The 737 MAX crisis
Boeing (BA) desperately needs new orders for its other planes, as orders for its fast-selling single-aisle 737 MAX aircraft have entirely dried up in the wake of the Ethiopian Airlines crash on March 10.
The fatal accident took 157 lives, following which air carriers around the world grounded their 737 MAX fleets. Airline companies have also denied deliveries of the model until the safety concerns are cleared.
The 737 series accounts for ~80% of Boeing’s total airplane shipments and contributes nearly 30% to its overall operating profit. Southwest Airlines (LUV) has ordered 280 Boeing 737 MAX series jets, the highest among all US air carriers. Other US-based airline operators United Airlines (UAL) and American Airlines (AAL) have placed orders for 100 planes each.
Hence, delivery cancellations are hurting Boeing’s cash flows, revenue, and earnings. During the first quarter of 2019, the airplane manufacturer’s deliveries for 737 series jets fell to 89 from 132 in the previous year’s quarter. The company’s first-quarter revenue, operating income, and EPS fell 2%, 21%, and 13%, respectively, year-over-year. Since March 10, Boeing hasn’t delivered a single 737 MAX plane.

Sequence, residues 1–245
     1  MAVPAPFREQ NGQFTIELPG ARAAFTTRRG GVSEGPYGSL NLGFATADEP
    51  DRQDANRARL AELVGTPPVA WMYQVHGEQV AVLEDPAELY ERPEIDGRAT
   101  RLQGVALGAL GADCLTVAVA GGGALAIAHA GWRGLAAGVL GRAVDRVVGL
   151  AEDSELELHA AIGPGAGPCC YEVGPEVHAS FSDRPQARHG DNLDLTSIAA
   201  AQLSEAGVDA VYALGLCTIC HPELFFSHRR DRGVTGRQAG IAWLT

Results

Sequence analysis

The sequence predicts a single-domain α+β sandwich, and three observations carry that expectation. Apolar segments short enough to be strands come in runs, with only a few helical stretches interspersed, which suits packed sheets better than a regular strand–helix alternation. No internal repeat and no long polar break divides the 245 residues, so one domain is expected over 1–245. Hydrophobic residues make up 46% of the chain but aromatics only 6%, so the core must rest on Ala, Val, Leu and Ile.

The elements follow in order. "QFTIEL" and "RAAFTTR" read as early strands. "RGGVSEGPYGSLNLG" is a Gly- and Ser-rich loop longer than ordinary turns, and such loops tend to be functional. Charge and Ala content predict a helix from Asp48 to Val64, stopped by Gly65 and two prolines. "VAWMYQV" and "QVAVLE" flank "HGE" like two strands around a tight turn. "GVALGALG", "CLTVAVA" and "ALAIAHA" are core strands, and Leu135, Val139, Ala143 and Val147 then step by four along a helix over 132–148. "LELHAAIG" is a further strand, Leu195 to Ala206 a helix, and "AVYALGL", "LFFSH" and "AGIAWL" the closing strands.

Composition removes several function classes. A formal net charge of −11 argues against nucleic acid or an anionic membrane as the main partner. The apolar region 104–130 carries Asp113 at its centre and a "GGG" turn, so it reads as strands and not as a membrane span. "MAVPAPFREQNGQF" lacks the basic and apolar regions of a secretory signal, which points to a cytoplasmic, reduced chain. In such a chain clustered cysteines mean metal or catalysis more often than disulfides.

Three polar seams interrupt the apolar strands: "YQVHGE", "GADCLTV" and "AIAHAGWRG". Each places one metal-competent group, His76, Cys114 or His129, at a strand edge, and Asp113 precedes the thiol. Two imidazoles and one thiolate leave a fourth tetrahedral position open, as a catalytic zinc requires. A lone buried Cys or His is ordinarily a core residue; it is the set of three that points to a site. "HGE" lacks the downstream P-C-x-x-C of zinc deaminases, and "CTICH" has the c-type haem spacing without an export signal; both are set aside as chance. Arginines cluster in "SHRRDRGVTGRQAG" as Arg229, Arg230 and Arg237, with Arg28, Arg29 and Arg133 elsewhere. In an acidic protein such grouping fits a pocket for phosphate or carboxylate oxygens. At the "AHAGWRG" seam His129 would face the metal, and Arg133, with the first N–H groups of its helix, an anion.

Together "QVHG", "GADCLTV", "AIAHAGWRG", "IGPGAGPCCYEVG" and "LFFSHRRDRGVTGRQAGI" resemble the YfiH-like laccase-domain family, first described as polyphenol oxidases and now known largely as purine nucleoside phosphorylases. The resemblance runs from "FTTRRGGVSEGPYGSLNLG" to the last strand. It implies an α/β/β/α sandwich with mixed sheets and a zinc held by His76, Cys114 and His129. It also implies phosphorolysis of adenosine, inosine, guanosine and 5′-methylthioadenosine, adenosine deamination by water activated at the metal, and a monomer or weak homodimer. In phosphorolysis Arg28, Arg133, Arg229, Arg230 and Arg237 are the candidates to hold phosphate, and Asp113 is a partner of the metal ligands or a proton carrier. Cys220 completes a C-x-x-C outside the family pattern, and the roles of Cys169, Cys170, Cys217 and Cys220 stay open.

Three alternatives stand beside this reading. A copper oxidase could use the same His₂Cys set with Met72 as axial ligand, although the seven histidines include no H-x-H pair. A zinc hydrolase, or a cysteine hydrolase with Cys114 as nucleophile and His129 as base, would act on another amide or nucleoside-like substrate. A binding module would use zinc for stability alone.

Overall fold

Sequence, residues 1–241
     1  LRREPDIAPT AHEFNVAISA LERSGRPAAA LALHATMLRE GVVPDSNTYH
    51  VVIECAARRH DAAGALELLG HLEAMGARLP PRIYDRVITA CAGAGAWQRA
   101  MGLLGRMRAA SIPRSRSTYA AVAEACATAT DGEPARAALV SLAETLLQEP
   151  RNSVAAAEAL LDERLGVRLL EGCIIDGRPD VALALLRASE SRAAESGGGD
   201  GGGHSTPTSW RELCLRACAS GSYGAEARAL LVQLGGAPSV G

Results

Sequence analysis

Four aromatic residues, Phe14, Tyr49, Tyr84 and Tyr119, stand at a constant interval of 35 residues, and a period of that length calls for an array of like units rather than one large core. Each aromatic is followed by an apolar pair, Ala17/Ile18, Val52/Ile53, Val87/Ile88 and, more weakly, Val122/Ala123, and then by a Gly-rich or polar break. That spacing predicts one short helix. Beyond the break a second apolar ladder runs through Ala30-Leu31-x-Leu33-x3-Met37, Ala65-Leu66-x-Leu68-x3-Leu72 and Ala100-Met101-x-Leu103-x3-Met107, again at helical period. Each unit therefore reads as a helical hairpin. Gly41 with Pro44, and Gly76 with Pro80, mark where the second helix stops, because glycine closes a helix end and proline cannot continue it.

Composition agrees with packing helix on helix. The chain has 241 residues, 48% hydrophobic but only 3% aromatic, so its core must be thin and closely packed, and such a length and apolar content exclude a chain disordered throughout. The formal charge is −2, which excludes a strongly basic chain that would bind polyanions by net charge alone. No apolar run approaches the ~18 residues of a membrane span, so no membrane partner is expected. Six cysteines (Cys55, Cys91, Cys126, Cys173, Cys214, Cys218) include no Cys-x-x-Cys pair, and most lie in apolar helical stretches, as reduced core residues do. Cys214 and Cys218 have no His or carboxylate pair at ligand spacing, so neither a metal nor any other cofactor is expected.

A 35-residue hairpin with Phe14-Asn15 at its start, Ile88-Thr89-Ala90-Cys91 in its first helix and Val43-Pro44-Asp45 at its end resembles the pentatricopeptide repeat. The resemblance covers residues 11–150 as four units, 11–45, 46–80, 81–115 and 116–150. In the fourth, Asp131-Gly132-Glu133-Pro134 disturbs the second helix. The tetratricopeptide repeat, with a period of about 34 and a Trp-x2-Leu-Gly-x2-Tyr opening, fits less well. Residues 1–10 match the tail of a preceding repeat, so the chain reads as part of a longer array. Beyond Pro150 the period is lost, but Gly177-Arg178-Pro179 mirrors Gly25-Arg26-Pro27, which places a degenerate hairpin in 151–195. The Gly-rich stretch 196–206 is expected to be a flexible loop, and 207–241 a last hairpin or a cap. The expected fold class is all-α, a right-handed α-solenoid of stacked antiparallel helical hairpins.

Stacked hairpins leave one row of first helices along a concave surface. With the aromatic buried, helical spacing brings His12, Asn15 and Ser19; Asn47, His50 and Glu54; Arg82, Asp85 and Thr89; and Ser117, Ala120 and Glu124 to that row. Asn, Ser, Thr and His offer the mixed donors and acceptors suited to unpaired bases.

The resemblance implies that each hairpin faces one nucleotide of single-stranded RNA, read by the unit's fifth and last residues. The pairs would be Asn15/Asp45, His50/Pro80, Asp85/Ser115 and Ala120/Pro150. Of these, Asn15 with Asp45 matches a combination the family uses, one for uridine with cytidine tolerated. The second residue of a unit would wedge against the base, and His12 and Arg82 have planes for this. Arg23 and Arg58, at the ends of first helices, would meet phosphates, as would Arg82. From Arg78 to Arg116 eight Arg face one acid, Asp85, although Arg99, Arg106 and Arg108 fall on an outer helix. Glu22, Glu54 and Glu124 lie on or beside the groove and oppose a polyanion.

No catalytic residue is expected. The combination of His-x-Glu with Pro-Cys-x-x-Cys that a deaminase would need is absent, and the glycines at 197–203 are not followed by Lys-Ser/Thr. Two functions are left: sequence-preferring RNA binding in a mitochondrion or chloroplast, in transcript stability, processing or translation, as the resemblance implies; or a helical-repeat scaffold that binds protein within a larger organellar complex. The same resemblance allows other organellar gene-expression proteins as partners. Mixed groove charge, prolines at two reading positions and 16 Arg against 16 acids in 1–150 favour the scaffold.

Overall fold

Following the Ethiopian Airlines crash, Boeing stock has been under tremendous pressure. Since March 10, the stock has lost 17.5% of its value. Its YTD (year-to-date) gain has eroded to 8.1% from 31% on March 8.
Until March 8, Boeing was the top performer among the Dow 30 stocks. However, it’s now slipped into 17th place. As of June 5, Cisco (CSCO) tops the list with a YTD gain of 26.4%, followed by Visa (V) and Travelers Companies (TRV) with returns of 25.4% and 25.1%, respectively.
The stock has also underperformed the returns of the iShares US Aerospace & Defense ETF (ITA), which has gained 21.6%. The ETF invests in US-based manufacturers, assemblers, and distributors of airplane and defense equipment.